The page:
American consumers seem to eat more at home than they go out; shop more at supermarkets, wholesale clubs, and dollar stores at competitive prices; and spending more time at the gym, spa and cosmetics counter than the summer before the pandemic.
These are just some of the headlines of recent data on pedestrian traffic trends from Placer.ai, an analytics platform that processes real-time location data collected through some 500 mobile phone apps installed on millions of devices. In charts that paint a vivid portrait of how American consumers have responded to the pandemic — and more recently to soaring food, fuel and housing prices — Placer.ai recently reported that visits in food establishments had fallen by 11% compared to three years ago while foot traffic in grocery stores is about the same as in August 2019.
As we focus on the crucial holiday quarter of the year, the losers in the Placer.ai report are in traditionally more profitable categories, suggesting this will be a season of shrinking margins. Visits to US clothing stores are 10% behind pre-COVID days, or about 10 million fewer visits per week. Home improvement store traffic peaked in the fourth quarter of last year, when feverish consumers went on a spending spree to freshen up their living spaces. This category now sees 11% fewer visits compared to three years ago. The hardest-hit brick-and-mortar retail sector has been electronics, with traffic down 19% from the summer before COVID-19 rocked the world. It seems that those who wanted one have already bought this new TV and the Ring doorbell.
Supermarket traffic (walmart, Target, Costco, bj) is slightly higher than three years ago, while shopping center parking lots (malls and malls) are 6% less busy.
A tantalizing data point: consumers seem to prefer doing business closer to home than three years ago.
Small and medium-sized businesses – for example, local and independent shops and services – have been riding the “buy local” wave. Placer.ai is seeing steady traffic growth, with numbers up this year by around 20% from three years earlier and is currently up another 7%.
So far, the brightest spots in 2022 have been fitness (wellness and gyms), up 20% this year and currently 17% busier than before the pandemic; and “beauty stores and spas” see 32% more foot traffic.
Last year, consumers rebuilt their nests, took revenge and indulged in deferred luxuries. This year, the focus seems to be on the basics and self-improvement: probably to look good for job interviews, returns to the office, and reinvigorated social life.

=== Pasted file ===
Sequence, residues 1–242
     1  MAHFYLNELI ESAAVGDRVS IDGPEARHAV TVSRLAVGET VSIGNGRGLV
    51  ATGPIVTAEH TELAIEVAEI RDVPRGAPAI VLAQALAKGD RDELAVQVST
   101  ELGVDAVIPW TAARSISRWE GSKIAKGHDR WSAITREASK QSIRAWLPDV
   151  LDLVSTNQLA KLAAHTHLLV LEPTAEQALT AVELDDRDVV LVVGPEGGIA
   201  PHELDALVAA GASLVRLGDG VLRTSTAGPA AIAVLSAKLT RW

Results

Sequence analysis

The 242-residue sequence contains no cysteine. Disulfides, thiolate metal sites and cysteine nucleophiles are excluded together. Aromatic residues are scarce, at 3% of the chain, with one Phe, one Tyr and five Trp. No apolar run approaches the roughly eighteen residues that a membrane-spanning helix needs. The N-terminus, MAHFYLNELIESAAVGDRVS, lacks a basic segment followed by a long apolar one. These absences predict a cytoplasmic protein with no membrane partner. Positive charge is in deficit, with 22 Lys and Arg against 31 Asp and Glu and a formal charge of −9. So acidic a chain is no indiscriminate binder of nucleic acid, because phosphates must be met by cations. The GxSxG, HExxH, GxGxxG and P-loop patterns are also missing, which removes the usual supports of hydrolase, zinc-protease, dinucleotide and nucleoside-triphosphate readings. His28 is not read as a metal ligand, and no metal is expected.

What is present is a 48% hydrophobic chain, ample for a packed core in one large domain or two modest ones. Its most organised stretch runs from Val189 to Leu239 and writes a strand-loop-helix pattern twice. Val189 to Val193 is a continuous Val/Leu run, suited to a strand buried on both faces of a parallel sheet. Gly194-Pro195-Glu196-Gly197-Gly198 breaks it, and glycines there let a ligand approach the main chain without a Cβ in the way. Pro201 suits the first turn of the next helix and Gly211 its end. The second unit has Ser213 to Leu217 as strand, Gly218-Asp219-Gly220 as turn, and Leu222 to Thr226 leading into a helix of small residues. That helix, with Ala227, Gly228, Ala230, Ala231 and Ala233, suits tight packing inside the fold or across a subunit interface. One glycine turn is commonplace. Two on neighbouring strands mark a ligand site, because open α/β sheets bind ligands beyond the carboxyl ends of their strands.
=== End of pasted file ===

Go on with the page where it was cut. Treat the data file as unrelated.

That said, how to interpret all this intriguing data is really difficult.
For starters, this seems to confirm what we’ve been hearing in quarterly reports from major retailers, and it reflects the current state of consumer confidence, which has cratered over the summer. Like bears preparing for hibernation, consumers may “settle down” in response to an instinct (and a growing list of companies announcing layoffs) that tells them it’s going to be a dour vacation.
Foot traffic might seem like an obscure metric in the age of online retail, but there might be something to the adage that “consumers vote with their feet,” especially since the Generation Z discovers the joy of shopping in a physical store.
What to do with this information? Some suggested approaches for consumers and retailers:
1. On the consumer side, engage in the physical world and merge it with all the data available in the digital world, like pricing data, to get you the best price. Negotiate with the store to match it and take the product with you. It helps the retailer get rid of inventory, it helps you with what you were looking for, and at a “fair” price. It also helps the environment because you won’t be forcing a truck (oil/gas) to deliver the box (tree) to your doorstep when the product is right in front of you right now. All it takes is a conversation with the store manager.
2. On the retail side, engage with your customer. They’ve made a commitment to drive to YOUR STORE and given the challenges of hiring enough people and retaining and training staff, it makes sense that you can scale better with technology. Get off the beaten track. How can you gather consumer insights, shape the data to provide situational insight, and give it to the lesser people running your business to make better decisions?
One thing is for sure, Gen Z wants to engage and inform business leaders, but so do all other generations. Ignoring their input no longer seems logical or sustainable, any more than the outdated “suggestion box” I saw on the doorstep of a multibillion-dollar big-box retailer yesterday.
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